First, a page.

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Decree Elevates Church at Mission

Landmarks: The contemporary building at San Juan Capistrano has become the state's sixth minor basilica.

July 09, 2000|ELAINE GALE | TIMES STAFF WRITER

The modern church at Mission San Juan Capistrano, where Spanish priest Father Junipero Serra first said Mass in 1778, has become a basilica, a site recognized for special religious, cultural and historical significance.

With approval granted by Pope John Paul II in late winter, the church becomes the sixth minor basilica in California and the 46th in the nation. Major basilicas are all in Rome.

The decree from the pope followed a request from the Most Rev. Tod D. Brown, bishop of the Diocese of Orange. Accompanying the application as documentation of the parish's significance was a 100-page book by the diocese archivist, the Rev. William Krekelberg.

"The request was granted immediately because the San Juan Mission is so well-known around the world," said Father Rod Stephens, director of evangelization and adult education for the diocese. "I'm sure there were lots of people who were wondering why it had not been done before."

Mission San Juan Capistrano Catholic Church now joins such well-known places of worship as the National Shrine of the Immaculate Conception in Washington, D.C.; the Cathedral of St. Augustine in Florida; Sacred Heart at the University of Notre Dame in Indiana; and St. Mary's Basilica in Galveston, Texas.

The old mission is well-known partly because of the migrating swallows that for decades nested there in the spring. The priest who led a restoration campaign in 1910 observed that the small birds' annual arrival coincided with St. Joseph's Day, March 19. Thus the legend was born that the swallows always return to San Juan Capistrano on that day, though in fact they may arrive any time in late March. The story captured public imagination, though, and has been drawing visitors to the mission ever since.

Basilica is "a title assigned to certain churches because of their antiquity, dignity, historical importance or significance as centers of worship," according to the Catholic Almanac.

"When a church is named a basilica, it makes no reference to the look or the size of the actual building," Stephens said. "Being named a basilica honors the importance of the place to the local church."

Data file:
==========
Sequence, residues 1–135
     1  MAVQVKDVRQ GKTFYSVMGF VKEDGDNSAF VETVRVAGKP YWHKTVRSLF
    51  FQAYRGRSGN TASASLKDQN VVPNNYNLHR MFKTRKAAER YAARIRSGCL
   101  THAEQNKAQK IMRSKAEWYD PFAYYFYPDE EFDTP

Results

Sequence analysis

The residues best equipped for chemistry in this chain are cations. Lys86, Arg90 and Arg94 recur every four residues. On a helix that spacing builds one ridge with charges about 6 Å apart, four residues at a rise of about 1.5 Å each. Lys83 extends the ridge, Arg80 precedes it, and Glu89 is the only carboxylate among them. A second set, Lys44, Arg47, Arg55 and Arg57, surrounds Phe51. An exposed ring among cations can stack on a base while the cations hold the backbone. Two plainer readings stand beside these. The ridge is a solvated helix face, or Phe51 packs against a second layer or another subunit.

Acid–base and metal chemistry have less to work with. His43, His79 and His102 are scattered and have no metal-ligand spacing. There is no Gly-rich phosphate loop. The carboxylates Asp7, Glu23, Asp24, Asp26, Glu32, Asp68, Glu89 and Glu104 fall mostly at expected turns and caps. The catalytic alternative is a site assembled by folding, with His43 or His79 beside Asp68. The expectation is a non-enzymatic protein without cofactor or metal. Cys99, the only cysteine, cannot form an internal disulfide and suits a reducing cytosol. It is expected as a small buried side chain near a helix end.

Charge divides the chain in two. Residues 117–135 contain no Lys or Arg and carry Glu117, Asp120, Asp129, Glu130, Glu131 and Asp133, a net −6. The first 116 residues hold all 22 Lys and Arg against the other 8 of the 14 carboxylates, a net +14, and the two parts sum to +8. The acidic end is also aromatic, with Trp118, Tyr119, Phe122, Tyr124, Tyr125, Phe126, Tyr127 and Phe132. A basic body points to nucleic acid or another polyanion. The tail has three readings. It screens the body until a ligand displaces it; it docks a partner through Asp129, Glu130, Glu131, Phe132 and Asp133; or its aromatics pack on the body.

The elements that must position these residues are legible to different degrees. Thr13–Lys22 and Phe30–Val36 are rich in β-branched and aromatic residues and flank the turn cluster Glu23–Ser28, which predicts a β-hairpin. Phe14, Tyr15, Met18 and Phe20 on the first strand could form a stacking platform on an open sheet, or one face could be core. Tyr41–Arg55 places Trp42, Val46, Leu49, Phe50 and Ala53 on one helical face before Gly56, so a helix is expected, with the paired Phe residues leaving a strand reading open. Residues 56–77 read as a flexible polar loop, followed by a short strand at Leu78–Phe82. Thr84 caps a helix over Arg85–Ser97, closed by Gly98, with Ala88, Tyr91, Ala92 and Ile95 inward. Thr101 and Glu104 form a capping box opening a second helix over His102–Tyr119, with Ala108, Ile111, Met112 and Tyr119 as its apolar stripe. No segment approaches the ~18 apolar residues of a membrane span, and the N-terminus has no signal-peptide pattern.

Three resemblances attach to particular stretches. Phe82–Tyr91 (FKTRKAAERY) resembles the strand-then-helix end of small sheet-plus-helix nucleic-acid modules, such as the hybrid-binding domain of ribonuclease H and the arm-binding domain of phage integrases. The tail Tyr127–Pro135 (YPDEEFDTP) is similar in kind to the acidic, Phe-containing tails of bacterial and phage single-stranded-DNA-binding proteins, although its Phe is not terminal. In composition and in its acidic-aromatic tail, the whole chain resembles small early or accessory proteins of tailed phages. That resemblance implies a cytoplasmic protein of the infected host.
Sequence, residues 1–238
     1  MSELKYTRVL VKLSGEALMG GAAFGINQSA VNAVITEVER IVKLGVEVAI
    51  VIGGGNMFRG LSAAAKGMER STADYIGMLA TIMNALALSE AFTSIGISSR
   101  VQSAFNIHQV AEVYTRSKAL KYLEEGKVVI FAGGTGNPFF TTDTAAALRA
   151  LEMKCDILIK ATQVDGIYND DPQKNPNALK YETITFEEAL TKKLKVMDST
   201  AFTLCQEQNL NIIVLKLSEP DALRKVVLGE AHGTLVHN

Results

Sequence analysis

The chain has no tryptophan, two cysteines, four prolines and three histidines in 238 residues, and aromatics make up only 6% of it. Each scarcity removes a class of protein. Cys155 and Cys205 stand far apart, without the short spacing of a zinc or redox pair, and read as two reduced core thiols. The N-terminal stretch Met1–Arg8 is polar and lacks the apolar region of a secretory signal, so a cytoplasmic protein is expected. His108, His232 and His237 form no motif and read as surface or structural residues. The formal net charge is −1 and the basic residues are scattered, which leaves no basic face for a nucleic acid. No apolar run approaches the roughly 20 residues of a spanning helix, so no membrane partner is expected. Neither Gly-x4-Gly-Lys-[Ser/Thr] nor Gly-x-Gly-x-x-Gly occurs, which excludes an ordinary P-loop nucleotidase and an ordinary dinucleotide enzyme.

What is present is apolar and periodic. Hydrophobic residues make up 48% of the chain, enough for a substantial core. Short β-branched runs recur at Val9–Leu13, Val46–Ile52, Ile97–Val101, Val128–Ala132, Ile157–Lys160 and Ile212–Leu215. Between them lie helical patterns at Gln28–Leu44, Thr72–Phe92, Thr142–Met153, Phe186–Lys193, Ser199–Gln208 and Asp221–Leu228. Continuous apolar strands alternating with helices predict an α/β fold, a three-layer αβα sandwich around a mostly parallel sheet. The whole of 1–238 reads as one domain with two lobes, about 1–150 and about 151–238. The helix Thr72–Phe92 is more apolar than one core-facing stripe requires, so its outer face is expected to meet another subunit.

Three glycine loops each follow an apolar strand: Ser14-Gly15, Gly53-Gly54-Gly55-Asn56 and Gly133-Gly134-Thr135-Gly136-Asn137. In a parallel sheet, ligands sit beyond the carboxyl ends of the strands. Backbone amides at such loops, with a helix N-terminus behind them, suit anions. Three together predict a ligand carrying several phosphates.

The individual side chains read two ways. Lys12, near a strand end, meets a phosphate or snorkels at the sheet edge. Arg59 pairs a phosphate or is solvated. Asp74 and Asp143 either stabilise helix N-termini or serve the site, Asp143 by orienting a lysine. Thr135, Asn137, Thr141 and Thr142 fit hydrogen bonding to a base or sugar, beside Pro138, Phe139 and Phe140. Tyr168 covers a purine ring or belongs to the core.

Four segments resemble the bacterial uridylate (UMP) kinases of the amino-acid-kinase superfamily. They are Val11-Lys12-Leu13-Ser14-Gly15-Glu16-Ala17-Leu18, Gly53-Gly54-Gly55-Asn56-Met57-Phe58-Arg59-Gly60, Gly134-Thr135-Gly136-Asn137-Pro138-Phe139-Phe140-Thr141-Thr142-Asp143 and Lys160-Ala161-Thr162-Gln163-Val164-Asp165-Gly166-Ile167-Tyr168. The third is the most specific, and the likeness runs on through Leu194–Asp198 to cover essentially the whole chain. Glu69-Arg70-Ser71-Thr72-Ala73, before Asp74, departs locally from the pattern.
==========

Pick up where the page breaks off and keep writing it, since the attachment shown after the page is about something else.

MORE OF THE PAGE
Mission San Carlos in Carmel, named a minor basilica in 1960, is actually a "teeny" chapel with room for only about 100 people, Stephens said. Because it had historical significance, he said, its size was irrelevant.

Mission San Juan Capistrano Catholic Church, built 13 years ago on the historical mission grounds, holds about 850 people. The original church, Serra Chapel, holds about 150 people and is not open except for a daily 7 a.m. Mass. The new sanctuary, not the old, is the basilica.

"The church in ruin isn't the basilica," Stephens said. "San Juan Capistrano Mission is an active Roman Catholic parish; it's not just ruins or a museum."

He and other diocese officials said they are delighted with the new high-profile designation. "Mission San Juan Capistrano is obviously the premier church in this county," Stephens said.

Serra Chapel, the original wood-beamed church, is one of the oldest buildings in the state. Construction of the sanctuary began in 1797 and was completed about 1810. It was destroyed two years later by a massive earthquake, which leveled the building and killed 40 Juaneno Indians attending services.

The mission is one of nine founded by Father Serra along the California coast. The first of them to become a minor basilica was Mission Dolores in San Francisco, which received the papal designation in 1952.

The San Juan Capistrano church, with membership of 5,500 families, has already seen a surge in attendance from people making pilgrimages, which the pope has asked all Roman Catholics to do this year. Holy Family Cathedral in Orange, seat of the diocese, is its main pilgrimage site. Designated as alternatives are Mission San Juan Capistrano and Our Lady of Guadalupe Church in La Habra.

Special insignia will be added to the building in time to celebrate its basilica designation on Oct. 23, the feast day of St. John of Capistrano.

"There are insignias and plaques that need to be signed and crosses that need to be hung over the back doors," said Marilyn Katzmark, parish office manager. "There's a papal crest that also needs to be incorporated into all the keys."

Other official changes, besides adding the papal coat of arms, are the addition of a pavilion and a silver basilica bell to recall those used in papal processions at the Vatican.

The pavilion will be a ceremonial tent with alternating bands of red and yellow silk draped over a wooden frame and crowned with a cross. The colors represent the papal government and the earlier Roman Senate, while the tent symbolizes shelter.

Besides the exterior changes, the church will be renamed, probably "Mission Basilica." That, in turn, will require new stationery, business cards and signs.

"We're already very high-profile because we're a mission, but becoming a basilica adds to the traffic coming through the church," Katzmark said. "It adds to the aura."

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